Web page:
With the clock running out on this year’s legislative session, it appears as if Gov. Sam Brownback and state lawmakers may put off until next year the decision on whether to expand Medicaid. Though delaying would be better than blocking expansion, it still would be costly, especially for Kansans who need health insurance.
Higher ed Gov. Sam Brownback toured many of the states colleges and universities recently, telling supporters that holding higher education funding steady is essential to Kansas economy. Colleges are full of smart people, however, and the mixed message of Brownbacks tour escaped no one.
Kansas lawmakers were warned about the constitutional problems with the Second Amendment Protection Act. Yet they passed it overwhelmingly and the governor, an attorney, proudly signed it.
Last spring the Legislature failed spectacularly at its once-a-decade job of redistricting, so paralyzed by GOP infighting that three federal judges ended up redrawing the maps. This week Kansas got a bill for that humiliating display – $389,000 the judges say it must pay for attorneys’ fees and expenses stemming from the resulting lawsuit. Consider it a fresh reminder of the need to do something as a state to reform redistricting for 2022, 2032 and beyond.
If Gov. Sam Brownback persuades the House next week to hang onto the higher sales-tax rate after June 30, he may avoid budget cuts to higher education, help offset last year’s income-tax cuts and further drive down the state income tax. As always, though, such action in Topeka could have ripple effects on local governments, including what it would do to their ability to use local sales taxes for local needs.
Gov. Sam Brownback should heed the pleas of parents of intellectually and developmentally disabled Kansans and keep long-term care services out of KanCare.
If tribal and privately owned casinos around the country insist on allowing smoking, that’s their business – though behind the times and bad for the health of their employees and customers. But it is Kansans’ business that state-owned casinos continue to allow smoking, and disappointing that state lawmakers show dwindling interest in righting that wrong.
Gun resolutions Governments of Ulysses, Syracuse and Lakin recently passed resolutions endorsing the Second Amendment right to keep and bear arms. Grant and Seward counties did the same. In doing so, theyve raised a simple question from many observers: Why bother?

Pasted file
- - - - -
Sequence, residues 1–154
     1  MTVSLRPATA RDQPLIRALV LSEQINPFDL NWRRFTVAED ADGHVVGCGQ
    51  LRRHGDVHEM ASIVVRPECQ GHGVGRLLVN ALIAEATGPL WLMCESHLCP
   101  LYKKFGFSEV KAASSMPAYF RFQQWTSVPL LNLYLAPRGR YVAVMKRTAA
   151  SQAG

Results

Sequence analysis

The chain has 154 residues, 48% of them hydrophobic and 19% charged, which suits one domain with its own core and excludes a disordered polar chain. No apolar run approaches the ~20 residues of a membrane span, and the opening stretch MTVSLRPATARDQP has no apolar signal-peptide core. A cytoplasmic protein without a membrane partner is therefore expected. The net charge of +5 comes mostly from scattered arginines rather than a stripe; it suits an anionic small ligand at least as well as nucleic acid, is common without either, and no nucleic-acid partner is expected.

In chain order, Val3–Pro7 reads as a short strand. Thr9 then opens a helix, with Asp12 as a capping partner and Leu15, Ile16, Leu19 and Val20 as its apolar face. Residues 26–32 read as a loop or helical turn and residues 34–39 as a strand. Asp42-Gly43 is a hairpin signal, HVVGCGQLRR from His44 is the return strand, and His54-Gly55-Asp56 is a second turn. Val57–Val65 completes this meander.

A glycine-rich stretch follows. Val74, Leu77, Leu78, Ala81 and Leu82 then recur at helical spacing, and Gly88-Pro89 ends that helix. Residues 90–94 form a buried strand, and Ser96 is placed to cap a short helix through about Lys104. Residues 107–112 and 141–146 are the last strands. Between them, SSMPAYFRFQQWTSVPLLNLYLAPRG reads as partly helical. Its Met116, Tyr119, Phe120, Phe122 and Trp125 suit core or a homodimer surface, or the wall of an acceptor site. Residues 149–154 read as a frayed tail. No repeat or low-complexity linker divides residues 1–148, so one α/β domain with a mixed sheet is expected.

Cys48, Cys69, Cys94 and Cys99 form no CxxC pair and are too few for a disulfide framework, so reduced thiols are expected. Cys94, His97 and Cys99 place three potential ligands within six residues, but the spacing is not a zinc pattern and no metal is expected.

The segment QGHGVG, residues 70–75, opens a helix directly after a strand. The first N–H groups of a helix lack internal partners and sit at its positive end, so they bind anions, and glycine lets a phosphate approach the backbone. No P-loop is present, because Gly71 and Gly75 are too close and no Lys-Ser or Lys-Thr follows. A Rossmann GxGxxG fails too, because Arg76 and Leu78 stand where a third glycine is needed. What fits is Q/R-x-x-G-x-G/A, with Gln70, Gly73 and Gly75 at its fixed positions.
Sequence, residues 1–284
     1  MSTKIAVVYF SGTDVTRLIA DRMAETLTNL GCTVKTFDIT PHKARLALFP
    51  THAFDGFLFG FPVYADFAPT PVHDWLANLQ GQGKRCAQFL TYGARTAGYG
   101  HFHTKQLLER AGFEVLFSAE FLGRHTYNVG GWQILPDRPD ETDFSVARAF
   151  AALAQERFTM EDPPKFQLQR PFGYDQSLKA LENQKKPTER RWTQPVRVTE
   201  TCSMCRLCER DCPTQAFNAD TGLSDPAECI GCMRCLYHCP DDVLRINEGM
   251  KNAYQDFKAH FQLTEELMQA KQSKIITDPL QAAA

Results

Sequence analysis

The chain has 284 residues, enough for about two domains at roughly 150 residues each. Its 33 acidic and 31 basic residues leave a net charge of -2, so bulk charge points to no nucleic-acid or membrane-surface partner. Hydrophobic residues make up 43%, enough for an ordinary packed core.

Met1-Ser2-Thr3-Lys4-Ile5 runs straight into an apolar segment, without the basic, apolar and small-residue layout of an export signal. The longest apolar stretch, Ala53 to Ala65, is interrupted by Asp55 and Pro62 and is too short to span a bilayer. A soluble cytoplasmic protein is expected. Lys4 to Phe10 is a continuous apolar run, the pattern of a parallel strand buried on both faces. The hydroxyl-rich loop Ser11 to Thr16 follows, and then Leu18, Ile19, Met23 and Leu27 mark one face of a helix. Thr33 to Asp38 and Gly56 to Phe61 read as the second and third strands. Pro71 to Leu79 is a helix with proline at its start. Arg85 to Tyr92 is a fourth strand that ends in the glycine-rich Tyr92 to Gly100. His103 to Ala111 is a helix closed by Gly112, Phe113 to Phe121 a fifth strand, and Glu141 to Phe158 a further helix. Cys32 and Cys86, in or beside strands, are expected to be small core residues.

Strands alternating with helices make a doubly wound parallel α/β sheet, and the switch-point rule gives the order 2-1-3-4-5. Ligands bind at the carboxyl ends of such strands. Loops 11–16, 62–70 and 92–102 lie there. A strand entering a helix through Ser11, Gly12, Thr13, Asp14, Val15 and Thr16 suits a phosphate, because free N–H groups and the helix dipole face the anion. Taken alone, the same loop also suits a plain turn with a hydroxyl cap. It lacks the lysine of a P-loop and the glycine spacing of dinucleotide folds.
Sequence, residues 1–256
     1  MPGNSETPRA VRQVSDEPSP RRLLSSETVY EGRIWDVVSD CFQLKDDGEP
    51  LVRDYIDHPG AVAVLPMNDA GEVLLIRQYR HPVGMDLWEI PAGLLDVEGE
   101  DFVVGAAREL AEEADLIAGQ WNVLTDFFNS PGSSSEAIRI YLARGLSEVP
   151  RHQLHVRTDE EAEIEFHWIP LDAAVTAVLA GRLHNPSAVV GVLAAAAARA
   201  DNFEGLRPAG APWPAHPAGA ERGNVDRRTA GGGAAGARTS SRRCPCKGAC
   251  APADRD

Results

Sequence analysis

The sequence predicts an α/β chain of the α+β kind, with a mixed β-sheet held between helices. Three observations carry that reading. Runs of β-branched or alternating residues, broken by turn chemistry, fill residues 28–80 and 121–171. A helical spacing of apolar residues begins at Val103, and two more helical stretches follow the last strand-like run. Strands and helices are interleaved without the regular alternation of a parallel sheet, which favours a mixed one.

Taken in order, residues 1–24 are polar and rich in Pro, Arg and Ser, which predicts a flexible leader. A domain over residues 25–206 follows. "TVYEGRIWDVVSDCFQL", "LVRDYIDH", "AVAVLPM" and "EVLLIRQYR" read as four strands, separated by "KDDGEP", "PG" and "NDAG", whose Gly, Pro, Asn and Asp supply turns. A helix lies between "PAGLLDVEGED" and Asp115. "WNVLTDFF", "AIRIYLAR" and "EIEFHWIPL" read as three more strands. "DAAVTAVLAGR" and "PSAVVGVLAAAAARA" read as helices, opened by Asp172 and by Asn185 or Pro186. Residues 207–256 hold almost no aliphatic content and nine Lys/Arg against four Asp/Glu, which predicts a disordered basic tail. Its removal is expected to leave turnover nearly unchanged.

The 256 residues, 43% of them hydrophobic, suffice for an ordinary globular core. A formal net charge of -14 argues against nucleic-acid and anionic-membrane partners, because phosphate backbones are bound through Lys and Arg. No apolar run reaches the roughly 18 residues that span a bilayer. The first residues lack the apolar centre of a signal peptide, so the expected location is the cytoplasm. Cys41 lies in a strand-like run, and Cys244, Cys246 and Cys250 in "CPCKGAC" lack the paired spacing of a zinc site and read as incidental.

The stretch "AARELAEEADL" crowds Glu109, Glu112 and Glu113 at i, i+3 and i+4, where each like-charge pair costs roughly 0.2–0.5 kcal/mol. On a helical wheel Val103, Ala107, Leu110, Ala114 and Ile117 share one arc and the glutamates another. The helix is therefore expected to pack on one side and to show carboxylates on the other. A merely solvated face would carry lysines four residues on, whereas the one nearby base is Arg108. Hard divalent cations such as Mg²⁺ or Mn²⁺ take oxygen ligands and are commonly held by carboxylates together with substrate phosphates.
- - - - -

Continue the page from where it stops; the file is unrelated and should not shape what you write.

A community that sounds out its citizens can design its own future accordingly. Credit the city of Wichita and Sedgwick County for doing the Wichita-Sedgwick County Community Investments Plan survey and, more important, for promising to gather and be guided by more input in the coming days. It was good of them to ask, and the survey findings are illuminating and encouraging as far as they go.
Good for Gov. Sam Brownback for recognizing that the state may lose its lawsuit over school funding and need more tax revenue. But where is this reflected in his budget? And hasn’t he already pledged increased sales-tax revenue for other purposes, including further reducing the state’s income taxes?
State leaders should be fast-tracking streaming-video capability at the Statehouse, not trailing other states on high-tech transparency. The more open the Legislature is to public view, the better.
Bob Dole still has much to teach today’s politicians about leadership and how to get things done in Washington, D.C. Sadly, some of the lessons should be obvious, including: “Compromise is not a bad word.”
If anything was clear about the confusing Statehouse debate over whether to merge the Kansas Turnpike Authority and the Department of Transportation in full or in part, it was legislative intent: To their credit, lawmakers didn’t want to do anything to wreck the turnpike, the 236-mile toll road through south-central and eastern Kansas that has served drivers and the state’s economy so well for 57 years.
Taker nation Sprawling Sumner County in southern Kansas rich with agriculture, older residents and wide-open spaces took in federal benefits in 2010 that were 40 to 50 percent more, on average, than county residents paid in federal taxes. Yet the benefits rarely get mentioned. Its the critical disconnect in the national debate that must change.
The baseless Statehouse narrative that universities are out of control and ripe for cutting got personal last week for Wichita, which learned that legislative budget proposals could mean the University of Kansas School of Medicine-Wichita would lose the program for first- and second-year medical students and 15 medical resident positions.
Though many Kansans like to complain about federal spending, they may not realize, or won’t admit, how dependent our state is on that spending. If they are serious about wanting smaller government, they will have to share the pain of spending cuts.
Our “more perfect union” is bitterly split on guns, with recent actions in Sedgwick County and at the Statehouse sharply contrasting with proposals before Congress. If only all the passion and activism could coalesce around something to actually improve public safety.
Say this about Kansas’ tax reform: It united liberal and conservative finance experts.
Even after bombings in New York City, Oklahoma City and Atlanta and a coordinated attack with a staggering death toll, Americans have chosen to live freely and fearlessly. That’s what we do. And so it was Monday, when the sport, joy and patriotism of the Boston Marathon became a target and a scene of bloody horror.
As the U.S. Air Force draws closer to naming its preferred sites to receive new KC-46A refueling tankers, it can be assured that Wichita and McConnell Air Force Base welcome the responsibility and are uniquely qualified and prepared to fulfill it.